Beyoncé is country as cornbread. As bamafied as okra and stewed tomatoes, watermelon with salt, grits, and gravy. She is sweet as honeysuckle nectar, as hot as the chow-chow that goes on your greens. She is boudin in the backseat. She is sweet tea and pound cake and fried catfish. One month and numberless debates after the release of her hotly anticipated visual album Lemonade, one thing is strikingly, abundantly clear: Beyoncé is black, and Southern, down to her very core.
None of the imagery of Lemonade is foreign to those of us who grew up in the South or who have Southern roots. Anyone with a Big Mama worth her salt recognized the women harvesting from a side garden, or the women in white wading in the water; the sound of cicadas and birds, or the heavy four-poster bed with white chenille blankets. These visuals felt shockingly fresh but also startlingly quotidian—everyday, country blackness normalized by one of the biggest pop stars in American history.
“She is a friend of my mind. She gather me, man. The pieces I am, she gather them and give them back to me in all the right order.”
That quote, from Toni Morrison’s novel Beloved, is the spiritual ancestor of what Lemonade represents. Sonically this album is about the perils and pleasures of an imperfect relationship, but visually it is about black women, particularly Southern ones. Country black women. And it’s about remembering what our grandmothers showed us about surviving. They knew they wouldn’t be around forever, but they showed us the tools for turning our lemons into lemonade even when we didn’t realize that is what they were doing—communing and lamenting together in the wake of destruction, how to care for ourselves and feed our families often without the resources our communities so desperately need.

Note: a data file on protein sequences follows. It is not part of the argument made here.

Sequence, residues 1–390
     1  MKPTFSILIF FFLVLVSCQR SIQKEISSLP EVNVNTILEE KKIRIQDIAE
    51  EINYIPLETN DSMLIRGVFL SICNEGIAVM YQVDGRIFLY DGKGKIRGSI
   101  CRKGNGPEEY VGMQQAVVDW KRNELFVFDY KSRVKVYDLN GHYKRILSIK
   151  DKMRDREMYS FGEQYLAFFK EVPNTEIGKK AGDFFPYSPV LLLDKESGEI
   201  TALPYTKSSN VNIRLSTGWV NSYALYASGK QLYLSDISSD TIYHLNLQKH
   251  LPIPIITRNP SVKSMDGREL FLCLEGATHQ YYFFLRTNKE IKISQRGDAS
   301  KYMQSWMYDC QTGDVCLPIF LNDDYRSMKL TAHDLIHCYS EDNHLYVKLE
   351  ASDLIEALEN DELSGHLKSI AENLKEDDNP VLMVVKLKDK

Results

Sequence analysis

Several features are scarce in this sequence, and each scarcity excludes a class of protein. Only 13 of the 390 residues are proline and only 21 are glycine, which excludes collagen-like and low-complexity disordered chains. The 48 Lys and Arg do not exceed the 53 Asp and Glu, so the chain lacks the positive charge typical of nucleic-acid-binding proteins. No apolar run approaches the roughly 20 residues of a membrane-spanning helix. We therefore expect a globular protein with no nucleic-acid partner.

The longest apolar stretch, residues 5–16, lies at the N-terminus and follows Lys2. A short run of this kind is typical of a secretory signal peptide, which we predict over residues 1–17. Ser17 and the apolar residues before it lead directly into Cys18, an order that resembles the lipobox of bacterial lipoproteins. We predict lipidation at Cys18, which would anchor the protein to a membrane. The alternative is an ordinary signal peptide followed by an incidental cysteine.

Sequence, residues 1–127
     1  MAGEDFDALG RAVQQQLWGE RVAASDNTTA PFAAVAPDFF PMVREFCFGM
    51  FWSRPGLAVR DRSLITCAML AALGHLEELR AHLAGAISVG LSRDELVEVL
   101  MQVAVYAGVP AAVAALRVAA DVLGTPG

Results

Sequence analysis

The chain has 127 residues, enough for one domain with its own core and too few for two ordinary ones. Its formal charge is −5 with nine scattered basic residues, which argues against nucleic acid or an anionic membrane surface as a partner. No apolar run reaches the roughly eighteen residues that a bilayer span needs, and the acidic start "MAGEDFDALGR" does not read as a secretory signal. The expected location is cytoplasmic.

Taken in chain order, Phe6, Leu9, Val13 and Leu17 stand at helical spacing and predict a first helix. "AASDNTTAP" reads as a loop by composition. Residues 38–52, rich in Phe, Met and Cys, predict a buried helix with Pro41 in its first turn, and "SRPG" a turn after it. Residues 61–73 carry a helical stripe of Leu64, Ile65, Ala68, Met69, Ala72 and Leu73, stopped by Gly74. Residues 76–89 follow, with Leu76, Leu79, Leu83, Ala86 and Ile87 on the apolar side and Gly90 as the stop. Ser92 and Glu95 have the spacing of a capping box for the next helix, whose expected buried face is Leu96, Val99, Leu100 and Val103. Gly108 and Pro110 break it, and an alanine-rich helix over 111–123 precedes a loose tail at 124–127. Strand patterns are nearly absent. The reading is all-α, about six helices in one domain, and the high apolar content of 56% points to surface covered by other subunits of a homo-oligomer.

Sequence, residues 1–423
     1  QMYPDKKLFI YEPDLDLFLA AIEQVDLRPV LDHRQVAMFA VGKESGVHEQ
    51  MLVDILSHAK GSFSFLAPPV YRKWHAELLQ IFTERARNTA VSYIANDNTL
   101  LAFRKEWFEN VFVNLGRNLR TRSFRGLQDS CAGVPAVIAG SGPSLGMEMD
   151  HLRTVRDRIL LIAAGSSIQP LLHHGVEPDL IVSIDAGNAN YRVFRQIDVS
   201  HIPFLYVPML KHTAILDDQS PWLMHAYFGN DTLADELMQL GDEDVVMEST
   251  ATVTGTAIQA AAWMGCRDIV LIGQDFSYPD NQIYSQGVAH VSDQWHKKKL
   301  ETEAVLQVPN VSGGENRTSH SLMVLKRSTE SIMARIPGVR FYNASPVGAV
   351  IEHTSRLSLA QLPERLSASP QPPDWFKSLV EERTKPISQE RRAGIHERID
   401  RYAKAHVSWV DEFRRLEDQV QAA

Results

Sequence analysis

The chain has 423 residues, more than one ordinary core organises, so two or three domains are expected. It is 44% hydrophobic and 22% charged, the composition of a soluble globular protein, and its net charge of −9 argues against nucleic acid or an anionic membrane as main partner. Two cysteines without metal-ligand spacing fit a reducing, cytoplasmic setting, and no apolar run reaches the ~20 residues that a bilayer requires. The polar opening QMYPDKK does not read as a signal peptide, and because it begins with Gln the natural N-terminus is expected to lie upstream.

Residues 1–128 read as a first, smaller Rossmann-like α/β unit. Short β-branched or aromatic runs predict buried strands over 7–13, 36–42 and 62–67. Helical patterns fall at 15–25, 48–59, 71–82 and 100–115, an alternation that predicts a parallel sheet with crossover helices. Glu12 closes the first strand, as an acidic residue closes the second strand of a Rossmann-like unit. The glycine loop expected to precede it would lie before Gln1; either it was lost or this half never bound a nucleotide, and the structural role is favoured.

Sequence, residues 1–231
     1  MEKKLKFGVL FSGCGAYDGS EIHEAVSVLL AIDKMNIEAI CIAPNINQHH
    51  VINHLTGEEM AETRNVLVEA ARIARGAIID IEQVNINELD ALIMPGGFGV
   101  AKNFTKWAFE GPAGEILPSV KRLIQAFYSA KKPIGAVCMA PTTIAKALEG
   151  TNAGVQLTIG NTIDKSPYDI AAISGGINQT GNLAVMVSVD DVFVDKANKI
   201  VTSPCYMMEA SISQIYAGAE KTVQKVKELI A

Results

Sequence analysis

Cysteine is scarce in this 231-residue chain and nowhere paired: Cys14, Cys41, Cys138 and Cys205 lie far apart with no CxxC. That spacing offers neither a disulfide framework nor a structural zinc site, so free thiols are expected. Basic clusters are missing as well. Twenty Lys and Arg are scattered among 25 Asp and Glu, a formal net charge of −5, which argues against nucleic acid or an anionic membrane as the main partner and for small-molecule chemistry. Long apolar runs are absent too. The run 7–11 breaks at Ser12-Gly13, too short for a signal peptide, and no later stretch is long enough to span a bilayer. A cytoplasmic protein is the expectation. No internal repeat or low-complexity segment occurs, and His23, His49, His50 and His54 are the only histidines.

Lemonade feels literary, almost like the inside of Alice Walker’s The Color Purple. It is, at least musically, Beyoncé’s “gettin ready ta shave Mister” moment—fed up with her husband and only held together by the love of her sister-friends. The love between Celie and the women in her life is the same thick love that Beyoncé shows to her tribe of women in this film. And although Beyoncé is not ‘literary’ in a traditional sense, she’s using her power to usher in new black poetic (Warsan Shire) musical (Ibeyi, Chloe and Halley Bailey) and modeling (Jourdan Dunn, Zendaya) talent in a manner similar to that of the literary patrons of yesteryear.
There’s a popular meme often used as a source for inspiration for anyone who needs an extra boost of motivation: “You have the same amount of hours in the day as Beyoncé.” Not only is this faulty because Beyoncé has a team of people who keep her operation running, but it obscures the real work she’s done to get to icon status. For those who don’t remember, she’s come a long way from Destiny’s Child, the girl group from Texas with distinctively Southern sensibilities, voices, and harmonies that were cultivated in the church. Also remember that before Beyoncé adopted her signature blonde lace front, she was known for wearing braids and cornrows—staple hairstyles for black women for centuries before the Kardashians discovered “boxer braids.”
Some people even argued that Beyoncé was nothing but a dumb pop star; in fact for years she was roundly mocked for her speaking voice, deep and syrupy thick with heavy with Southern drawl. Daytime talk show host Wendy Williams went so far as to say, “You know Beyoncé can’t talk. She sounds like she has a fifth grade education.” Perhaps derision like that explains Beyoncé’s reticence in recent years to do interviews. Why speak in public when your singing voice is the one that holds infinitely more power?